A yearlong investigation, "Breathless and Burdened" exposed how doctors and lawyers, working at the behest of the coal industry, have helped defeat the benefits claims of miners sick and dying of black lung, even as disease rates are on the rise and an increasing number of miners are turning to a system that was supposed to help alleviate their suffering.
  • Investigating the IRS

    As the national deficit soared, WTHR exposed fraud, confusion and government mismanagement that resulted in illegal immigrants getting billions of dollars in improper tax credits and refunds from the Internal Revenue Service. WTHR gained unparalleled access to tax records and immigrant communities to show exactly how the fraud was committed. The investigation revealed the IRS had known about the widespread problems for a decade but failed to act, and that IRS managers actively encouraged their tax examiners to ignore blatant signs of fraud. WTHR’s investigation quickly gained national attention, attracted more than 9 million online views, sparked intense debate and action by Congress, and triggered immediate reforms by the IRS. Following a series of in-depth follow-ups by WTHR and an Inspector General audit that confirmed all of WTHR’s findings, the IRS announced final rule changes in December designed to reduce the massive fraud and to save taxpayers billions of dollars.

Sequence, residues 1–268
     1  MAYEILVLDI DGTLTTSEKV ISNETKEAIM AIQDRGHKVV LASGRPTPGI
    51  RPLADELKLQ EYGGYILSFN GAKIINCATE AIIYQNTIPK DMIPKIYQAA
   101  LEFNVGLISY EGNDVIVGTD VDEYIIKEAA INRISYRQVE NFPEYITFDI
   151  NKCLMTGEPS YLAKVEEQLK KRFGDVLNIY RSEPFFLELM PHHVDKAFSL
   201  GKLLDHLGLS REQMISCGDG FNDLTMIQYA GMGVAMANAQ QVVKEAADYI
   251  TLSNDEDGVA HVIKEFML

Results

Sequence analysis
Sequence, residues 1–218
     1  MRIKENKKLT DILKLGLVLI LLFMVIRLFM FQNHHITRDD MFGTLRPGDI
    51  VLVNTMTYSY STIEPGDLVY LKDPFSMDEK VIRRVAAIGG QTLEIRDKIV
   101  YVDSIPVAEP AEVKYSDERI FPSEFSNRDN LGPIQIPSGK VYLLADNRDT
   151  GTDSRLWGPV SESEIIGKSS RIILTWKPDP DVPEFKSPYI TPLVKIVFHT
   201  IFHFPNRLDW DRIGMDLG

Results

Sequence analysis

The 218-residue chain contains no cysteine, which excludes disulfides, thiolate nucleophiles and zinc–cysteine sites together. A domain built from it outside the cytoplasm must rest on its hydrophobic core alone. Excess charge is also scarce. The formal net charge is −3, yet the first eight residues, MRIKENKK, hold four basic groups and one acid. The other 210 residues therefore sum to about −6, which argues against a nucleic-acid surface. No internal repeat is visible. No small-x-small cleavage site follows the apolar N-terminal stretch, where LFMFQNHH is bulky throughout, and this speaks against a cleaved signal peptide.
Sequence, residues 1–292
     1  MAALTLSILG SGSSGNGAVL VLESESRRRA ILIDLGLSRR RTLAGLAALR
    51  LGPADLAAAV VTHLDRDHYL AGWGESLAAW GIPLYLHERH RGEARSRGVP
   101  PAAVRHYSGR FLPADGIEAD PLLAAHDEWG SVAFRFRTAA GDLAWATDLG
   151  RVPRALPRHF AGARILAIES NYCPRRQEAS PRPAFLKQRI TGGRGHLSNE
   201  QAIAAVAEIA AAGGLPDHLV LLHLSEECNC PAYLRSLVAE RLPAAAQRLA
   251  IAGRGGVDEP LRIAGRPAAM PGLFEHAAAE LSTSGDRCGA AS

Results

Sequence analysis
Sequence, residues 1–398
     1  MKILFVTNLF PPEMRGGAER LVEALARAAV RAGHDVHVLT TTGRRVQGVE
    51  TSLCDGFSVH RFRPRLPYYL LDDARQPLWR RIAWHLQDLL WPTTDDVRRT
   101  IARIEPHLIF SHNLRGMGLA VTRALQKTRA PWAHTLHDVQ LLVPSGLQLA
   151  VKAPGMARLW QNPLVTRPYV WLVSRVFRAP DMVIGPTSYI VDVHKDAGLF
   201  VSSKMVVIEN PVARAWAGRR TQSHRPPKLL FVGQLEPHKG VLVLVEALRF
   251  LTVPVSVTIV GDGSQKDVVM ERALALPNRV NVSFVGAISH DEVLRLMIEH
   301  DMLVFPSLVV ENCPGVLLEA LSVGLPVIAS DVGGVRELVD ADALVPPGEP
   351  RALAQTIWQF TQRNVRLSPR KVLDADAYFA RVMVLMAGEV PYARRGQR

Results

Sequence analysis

• Hard Labor

    “Hard Labor” exposed the threats facing America’s invisible backbone – steelworkers, coal miners, fishermen, farmworkers and factory technicians, whose sweat equity helps buildings rise from the ground, crops travel from the fields to dinner plates, and the economy hum. Across the U.S., across scores of blue-collar industries, workers are being injured and killed by the thousands with little protection from Congress and the federal agencies that are supposed to safeguard them: the Department of Labor, the Environmental Protection Agency, the Coast Guard.
  • As Mine Protections Fail, Black Lung Cases Surge